Arkansans for Limited Government has denied that it failed to meet the requirements and said it “will fight this ridiculous disqualification attempt with everything we have.” 

Currently, Arkansas protects unborn life beginning at conception, only allowing abortion in cases in which the mother’s life is in danger.

If successfully passed by Arkansas voters, the abortion amendment would mandate that the state not “prohibit, penalize, delay, or restrict” abortion before 18 weeks of pregnancy. The amendment would further prohibit the state from restricting abortion at all stages in cases of rape, incest, fetal anomaly, or health of the mother.

Republicans block effort to enshrine Roe v. Wade

Senate Republicans blocked a bill titled the Reproductive Freedom for Women Act that would have expressed support for enshrining Roe v. Wade into federal law.

The record vote on Wednesday was 49 in favor and 44 against, meaning the measure fell well short of the 67-vote supermajority required for passage. All but two Republicans — Alaska Sen. Lisa Murkowski and Maine Sen. Susan Collins — voted against it.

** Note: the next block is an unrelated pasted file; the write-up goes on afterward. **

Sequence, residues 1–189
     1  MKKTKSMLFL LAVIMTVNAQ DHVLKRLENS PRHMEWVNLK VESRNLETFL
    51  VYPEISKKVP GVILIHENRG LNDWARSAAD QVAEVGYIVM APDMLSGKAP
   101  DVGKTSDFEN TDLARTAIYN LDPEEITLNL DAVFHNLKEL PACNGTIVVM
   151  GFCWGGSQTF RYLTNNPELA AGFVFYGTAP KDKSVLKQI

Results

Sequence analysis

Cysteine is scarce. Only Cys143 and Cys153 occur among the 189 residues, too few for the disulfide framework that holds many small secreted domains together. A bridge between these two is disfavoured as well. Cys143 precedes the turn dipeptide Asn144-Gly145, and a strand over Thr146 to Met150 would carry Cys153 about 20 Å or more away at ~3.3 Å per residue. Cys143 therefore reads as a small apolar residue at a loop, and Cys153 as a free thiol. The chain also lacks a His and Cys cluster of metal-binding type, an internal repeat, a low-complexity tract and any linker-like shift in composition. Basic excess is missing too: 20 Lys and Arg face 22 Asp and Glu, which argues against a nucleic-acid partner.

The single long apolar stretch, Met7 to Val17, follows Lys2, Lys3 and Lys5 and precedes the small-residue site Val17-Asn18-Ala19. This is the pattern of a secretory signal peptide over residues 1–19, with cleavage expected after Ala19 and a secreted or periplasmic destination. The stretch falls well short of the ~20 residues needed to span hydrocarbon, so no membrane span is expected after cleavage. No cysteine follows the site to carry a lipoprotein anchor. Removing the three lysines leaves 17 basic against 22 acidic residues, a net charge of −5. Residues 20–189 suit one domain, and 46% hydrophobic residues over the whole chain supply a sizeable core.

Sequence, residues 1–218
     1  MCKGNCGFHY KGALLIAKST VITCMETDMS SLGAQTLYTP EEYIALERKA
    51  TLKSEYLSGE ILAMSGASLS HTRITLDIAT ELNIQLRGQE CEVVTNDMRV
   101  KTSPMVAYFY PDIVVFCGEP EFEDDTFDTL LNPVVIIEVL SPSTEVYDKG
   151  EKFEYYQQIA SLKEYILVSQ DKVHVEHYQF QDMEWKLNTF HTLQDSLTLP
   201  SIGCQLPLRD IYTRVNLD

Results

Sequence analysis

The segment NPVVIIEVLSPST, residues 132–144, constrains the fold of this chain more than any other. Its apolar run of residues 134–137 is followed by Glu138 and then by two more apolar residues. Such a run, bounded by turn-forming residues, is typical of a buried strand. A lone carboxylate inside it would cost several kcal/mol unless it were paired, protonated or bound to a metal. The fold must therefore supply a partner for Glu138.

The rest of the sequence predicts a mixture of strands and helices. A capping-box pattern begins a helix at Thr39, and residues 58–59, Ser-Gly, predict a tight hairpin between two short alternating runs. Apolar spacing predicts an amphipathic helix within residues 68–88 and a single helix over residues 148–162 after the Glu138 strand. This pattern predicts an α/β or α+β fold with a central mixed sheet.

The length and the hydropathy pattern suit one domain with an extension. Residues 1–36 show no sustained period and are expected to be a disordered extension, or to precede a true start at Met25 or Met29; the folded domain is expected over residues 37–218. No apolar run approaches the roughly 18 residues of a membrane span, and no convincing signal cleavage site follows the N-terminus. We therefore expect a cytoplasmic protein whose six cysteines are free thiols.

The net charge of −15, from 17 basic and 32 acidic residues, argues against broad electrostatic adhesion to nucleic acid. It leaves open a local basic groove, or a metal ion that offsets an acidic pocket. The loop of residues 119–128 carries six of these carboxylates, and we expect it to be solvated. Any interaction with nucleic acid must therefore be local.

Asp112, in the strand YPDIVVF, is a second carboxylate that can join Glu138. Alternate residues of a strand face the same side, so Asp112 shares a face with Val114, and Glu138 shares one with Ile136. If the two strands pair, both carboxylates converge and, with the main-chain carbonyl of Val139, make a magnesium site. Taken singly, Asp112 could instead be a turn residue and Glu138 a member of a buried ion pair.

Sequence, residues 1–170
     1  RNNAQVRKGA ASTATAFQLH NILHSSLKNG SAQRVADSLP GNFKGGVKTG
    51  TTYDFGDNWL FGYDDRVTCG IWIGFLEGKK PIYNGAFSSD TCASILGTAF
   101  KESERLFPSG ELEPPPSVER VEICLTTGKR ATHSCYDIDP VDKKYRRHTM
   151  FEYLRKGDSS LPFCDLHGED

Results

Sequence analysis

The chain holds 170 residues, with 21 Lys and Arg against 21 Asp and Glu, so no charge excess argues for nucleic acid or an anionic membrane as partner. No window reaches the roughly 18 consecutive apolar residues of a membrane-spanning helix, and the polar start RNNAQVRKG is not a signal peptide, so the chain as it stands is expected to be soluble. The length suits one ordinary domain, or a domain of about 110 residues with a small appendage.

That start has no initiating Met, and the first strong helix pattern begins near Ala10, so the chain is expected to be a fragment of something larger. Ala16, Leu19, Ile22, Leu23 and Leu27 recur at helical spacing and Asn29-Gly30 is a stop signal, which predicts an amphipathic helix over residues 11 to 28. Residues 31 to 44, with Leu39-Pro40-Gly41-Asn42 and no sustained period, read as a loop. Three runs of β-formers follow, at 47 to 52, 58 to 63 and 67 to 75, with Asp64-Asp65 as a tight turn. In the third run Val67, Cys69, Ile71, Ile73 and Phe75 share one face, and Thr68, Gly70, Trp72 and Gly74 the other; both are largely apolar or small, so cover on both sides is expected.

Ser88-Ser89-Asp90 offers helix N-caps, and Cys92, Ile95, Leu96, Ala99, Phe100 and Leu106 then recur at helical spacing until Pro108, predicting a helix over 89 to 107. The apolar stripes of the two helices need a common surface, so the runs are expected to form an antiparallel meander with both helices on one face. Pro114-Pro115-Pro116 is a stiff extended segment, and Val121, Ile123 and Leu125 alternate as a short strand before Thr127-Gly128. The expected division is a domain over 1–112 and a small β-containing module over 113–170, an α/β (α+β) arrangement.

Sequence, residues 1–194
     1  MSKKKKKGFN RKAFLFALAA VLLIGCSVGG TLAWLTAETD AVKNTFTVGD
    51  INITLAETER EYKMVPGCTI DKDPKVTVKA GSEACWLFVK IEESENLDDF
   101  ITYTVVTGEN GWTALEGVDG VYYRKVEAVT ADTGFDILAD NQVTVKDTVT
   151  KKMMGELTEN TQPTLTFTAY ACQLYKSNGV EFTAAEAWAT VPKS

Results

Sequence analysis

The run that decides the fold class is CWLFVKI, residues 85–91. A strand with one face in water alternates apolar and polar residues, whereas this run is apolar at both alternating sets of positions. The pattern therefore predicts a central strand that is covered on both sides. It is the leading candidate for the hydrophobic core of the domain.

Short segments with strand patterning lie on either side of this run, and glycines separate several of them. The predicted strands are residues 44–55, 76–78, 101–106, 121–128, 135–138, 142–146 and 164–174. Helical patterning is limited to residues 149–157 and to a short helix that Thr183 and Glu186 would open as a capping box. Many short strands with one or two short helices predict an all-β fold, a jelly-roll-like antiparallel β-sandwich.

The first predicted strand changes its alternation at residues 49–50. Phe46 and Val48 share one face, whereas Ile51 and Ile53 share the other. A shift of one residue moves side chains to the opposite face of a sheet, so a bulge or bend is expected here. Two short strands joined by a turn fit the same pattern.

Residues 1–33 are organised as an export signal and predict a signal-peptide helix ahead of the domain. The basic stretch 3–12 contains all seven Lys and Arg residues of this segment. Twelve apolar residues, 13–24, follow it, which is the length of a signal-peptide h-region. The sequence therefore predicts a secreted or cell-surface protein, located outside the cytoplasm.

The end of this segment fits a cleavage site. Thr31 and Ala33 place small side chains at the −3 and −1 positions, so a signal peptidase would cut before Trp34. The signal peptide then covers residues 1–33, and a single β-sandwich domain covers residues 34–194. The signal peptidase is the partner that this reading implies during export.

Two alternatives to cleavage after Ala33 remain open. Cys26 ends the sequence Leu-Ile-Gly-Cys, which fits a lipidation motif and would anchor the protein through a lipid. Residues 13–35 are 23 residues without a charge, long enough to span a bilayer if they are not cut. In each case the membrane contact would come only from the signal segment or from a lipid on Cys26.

Senate Majority Leader Chuck Schumer, who brought the measure to a vote, was vocal about the vote, claiming: “Senate Republicans told every woman in America: ‘Your body. Our choice’” and that “once again stood with the MAGA extremist anti-freedom agenda.”

Trump calls North Dakota pro-life law ‘an issue’

As speculation swirls about Donald Trump’s new vice president pick, the former president criticized North Dakota Gov. Doug Burgum for signing a “heartbeat” law that protects unborn life past six weeks of pregnancy.

Speaking on Fox News Radio on Wednesday, Trump emphasized his belief that abortion is a “states issue” but went on to say that Burgum signing a six-week abortion ban is “a little bit of an issue.”